But why aren’t those Marxists who seek the overthrow of the established status quo and the ultimate dismantling of the state also part of my list?  In their view the state is necessarily an outcome of the social conflicts which have their roots in laissez-faire capitalism and therefore they explicitly stand against the free market evolutionism of the right-wingers listed above. Moreover, Marx did at least bring to bear a worthy critique of capitalism, a critique that has some merit in its own right even if you feel that a Marxist society is utterly untenable. There is some mileage to be had from Marx’s critique of social history if not from his prescriptions which were largely vague wishful thinking. There is also the matter of the respect for Marx among liberal academics which, needless to say, further distances the anti-establishment right-wing from academia who they think of as extreme "lefties".**

There are several ironies in the positions taken by the characters in my list: Denise of O’leary is likely to look favourably upon decentralised free market evolutionism as described by Ridley and yet she cannot accept conventional evolutionary theory as a decentralised process. Ridley is a free market evolutionist and sees centralised human interventions in the market as disrupting and harmful. And yet he is not on the side of those anthropogenic climate change lobbyists who suggest that inadvertent human intervention in the (decentralised) climate system has harmfully disrupted it. Also, it is ironic that Yiannopoulos is a social Darwinist and yet he’s attached himself to a political culture that in the final analysis is likely to be inexorably drawn to promoting the most authoritarian and centralised government system one could imagine.

I would style myself as a “Liberal-left capitalist”,  whiggish in outlook. We have much to be thankful about the way the decentralised market economy encourages innovative entrepreneurial effort and tries to sync production and demand. But Marx was probably right about some of those capitalist ills; the free market is not unlike an old banger of a car that is very useful but liable to breakdowns, breakdowns which are sometimes compounded by ill-judged human attempts at repair. But although I appreciate what the free market has done for us,  my critical take on capitalism and a willingness to accept competent attempts at repair when it breaks down is likely classify me as a “socialist” as far as the extreme right are concerned.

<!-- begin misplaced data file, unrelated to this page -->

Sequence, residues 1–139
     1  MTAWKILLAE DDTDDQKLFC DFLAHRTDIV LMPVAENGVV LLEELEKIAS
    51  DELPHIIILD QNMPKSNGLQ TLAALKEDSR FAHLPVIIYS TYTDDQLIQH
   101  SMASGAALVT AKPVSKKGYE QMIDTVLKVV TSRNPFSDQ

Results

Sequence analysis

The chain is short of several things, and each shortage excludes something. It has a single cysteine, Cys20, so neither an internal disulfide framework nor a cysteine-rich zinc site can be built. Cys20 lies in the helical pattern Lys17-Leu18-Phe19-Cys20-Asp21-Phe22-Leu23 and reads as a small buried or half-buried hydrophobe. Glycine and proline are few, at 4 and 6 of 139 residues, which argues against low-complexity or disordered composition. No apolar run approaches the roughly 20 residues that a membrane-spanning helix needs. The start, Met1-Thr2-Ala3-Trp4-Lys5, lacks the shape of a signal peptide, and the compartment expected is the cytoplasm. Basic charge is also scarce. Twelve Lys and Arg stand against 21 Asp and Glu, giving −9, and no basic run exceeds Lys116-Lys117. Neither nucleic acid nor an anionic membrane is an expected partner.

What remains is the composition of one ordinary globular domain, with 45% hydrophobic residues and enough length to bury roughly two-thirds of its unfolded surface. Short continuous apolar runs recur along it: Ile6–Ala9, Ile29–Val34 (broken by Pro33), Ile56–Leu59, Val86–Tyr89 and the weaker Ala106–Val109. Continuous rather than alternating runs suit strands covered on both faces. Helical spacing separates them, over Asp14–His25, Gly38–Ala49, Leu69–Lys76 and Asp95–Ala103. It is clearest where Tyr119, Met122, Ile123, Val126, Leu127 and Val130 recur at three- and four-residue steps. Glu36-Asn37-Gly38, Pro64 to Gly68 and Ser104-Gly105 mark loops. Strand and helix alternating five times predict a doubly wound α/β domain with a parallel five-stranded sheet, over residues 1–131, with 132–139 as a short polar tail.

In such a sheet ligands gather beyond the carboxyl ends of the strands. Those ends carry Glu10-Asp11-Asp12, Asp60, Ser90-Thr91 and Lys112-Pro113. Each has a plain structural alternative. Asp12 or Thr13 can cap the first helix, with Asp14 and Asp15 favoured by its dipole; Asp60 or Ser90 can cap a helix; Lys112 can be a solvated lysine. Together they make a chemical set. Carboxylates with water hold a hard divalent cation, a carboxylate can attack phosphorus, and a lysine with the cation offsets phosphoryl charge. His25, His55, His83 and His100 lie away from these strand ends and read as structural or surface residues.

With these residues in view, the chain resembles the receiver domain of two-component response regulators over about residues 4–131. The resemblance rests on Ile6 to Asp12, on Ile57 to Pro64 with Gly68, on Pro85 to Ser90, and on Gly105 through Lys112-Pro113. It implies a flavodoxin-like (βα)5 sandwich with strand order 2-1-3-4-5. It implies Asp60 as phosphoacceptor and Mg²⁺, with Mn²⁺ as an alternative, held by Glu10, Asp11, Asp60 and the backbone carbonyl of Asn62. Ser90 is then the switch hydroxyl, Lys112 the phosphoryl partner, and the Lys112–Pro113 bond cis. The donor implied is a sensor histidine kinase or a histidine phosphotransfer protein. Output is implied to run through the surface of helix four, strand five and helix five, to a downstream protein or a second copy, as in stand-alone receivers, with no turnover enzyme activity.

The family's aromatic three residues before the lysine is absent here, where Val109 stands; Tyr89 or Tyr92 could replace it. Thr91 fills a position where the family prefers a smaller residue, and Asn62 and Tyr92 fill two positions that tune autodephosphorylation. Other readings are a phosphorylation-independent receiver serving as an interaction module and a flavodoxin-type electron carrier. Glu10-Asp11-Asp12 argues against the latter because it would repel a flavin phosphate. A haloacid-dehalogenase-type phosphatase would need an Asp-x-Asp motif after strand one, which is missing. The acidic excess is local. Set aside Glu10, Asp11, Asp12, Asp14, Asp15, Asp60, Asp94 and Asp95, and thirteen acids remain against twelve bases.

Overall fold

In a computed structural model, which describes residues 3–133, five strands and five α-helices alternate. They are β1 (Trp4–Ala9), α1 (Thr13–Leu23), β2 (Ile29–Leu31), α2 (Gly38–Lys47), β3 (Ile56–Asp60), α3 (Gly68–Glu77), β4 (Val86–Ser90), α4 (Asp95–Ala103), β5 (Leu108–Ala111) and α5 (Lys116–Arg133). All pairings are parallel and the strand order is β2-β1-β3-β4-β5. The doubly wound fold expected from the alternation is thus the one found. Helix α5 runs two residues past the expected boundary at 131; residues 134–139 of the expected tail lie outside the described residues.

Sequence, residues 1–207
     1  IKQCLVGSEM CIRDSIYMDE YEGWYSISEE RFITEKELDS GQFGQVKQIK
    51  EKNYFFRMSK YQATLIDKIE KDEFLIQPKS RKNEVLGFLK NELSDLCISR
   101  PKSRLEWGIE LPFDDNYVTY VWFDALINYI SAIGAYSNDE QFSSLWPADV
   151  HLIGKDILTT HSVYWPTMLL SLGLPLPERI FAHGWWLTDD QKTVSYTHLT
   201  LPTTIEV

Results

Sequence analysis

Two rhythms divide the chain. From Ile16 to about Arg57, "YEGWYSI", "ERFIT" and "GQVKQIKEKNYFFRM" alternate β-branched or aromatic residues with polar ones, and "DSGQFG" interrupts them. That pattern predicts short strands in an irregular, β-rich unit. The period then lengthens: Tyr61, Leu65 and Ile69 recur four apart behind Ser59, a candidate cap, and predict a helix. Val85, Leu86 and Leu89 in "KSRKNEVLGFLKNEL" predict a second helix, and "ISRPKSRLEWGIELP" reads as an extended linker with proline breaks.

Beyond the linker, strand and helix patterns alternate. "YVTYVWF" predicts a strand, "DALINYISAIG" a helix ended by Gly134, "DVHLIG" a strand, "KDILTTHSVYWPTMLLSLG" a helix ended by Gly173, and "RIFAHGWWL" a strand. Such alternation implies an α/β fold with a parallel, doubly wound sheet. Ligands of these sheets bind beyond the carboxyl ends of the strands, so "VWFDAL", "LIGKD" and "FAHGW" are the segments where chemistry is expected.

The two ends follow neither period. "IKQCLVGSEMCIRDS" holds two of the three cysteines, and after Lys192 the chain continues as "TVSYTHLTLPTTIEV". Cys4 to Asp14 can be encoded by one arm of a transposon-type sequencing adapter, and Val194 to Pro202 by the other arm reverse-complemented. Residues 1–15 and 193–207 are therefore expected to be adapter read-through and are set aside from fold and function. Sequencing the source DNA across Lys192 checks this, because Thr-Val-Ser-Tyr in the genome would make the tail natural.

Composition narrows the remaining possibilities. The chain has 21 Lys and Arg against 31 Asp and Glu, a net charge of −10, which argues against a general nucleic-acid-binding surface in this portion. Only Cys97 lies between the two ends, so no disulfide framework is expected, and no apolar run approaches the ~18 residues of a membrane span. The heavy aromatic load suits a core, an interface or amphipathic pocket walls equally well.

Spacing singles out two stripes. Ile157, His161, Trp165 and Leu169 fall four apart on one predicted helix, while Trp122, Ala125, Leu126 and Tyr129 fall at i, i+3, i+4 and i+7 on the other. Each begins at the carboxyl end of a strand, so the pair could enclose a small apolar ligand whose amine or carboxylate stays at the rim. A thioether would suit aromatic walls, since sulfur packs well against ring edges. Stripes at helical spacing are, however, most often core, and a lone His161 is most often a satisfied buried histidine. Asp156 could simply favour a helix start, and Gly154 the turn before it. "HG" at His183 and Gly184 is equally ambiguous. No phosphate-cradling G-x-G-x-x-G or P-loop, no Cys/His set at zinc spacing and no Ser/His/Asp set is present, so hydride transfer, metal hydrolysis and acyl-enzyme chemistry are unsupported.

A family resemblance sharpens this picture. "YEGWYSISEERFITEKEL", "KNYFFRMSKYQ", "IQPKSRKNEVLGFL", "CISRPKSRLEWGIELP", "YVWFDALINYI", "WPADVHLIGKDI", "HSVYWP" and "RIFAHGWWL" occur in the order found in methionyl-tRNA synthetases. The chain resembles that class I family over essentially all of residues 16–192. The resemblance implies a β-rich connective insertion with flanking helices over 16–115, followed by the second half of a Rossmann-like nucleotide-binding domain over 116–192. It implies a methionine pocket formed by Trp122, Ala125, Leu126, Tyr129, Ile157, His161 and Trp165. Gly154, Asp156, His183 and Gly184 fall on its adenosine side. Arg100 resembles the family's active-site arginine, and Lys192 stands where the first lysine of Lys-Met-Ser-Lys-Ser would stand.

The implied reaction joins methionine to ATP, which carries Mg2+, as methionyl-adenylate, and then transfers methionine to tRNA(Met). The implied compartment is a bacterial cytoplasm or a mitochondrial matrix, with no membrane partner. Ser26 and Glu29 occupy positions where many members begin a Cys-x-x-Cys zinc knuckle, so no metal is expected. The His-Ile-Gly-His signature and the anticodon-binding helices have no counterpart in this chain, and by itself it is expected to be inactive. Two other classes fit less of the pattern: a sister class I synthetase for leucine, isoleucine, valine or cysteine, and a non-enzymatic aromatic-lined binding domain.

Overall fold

I’ve actually been staring at this public-civic sector vs private sector polarisation for some time without really understanding its socio-political significance:  Over the last tens years as I have considered the intelligent design/creation debate in this blog it has become clear that the de facto IDists and various Christian fundamentalists were very anti-public establishment and in particular hated, above all, publically funded academia. Initially it seemed to me that this attitude was just bound up with their anti-establishment take on the natural sciences.  So, at first it seemed just a strange coincidence that the de facto IDists and fundamentalists were also taking a stand against anthropogenic climate change science – after all, what does climate change have to do with ID? The deeper connection, however, is that libertarianism provides a philosopohical rationale against the spectre of government emissions regulations and taxes that are justified using anthropogenic climate change science. Hence, certain conservatively oriented business interests therefore had common cause with the IDists and fundamentalists against the establishment intelligentsia. Some fundamentalists have also tried to bundle their climate change theory with their Young Earth Creationism which perhaps gives YEC more appeal to some conservative business interests.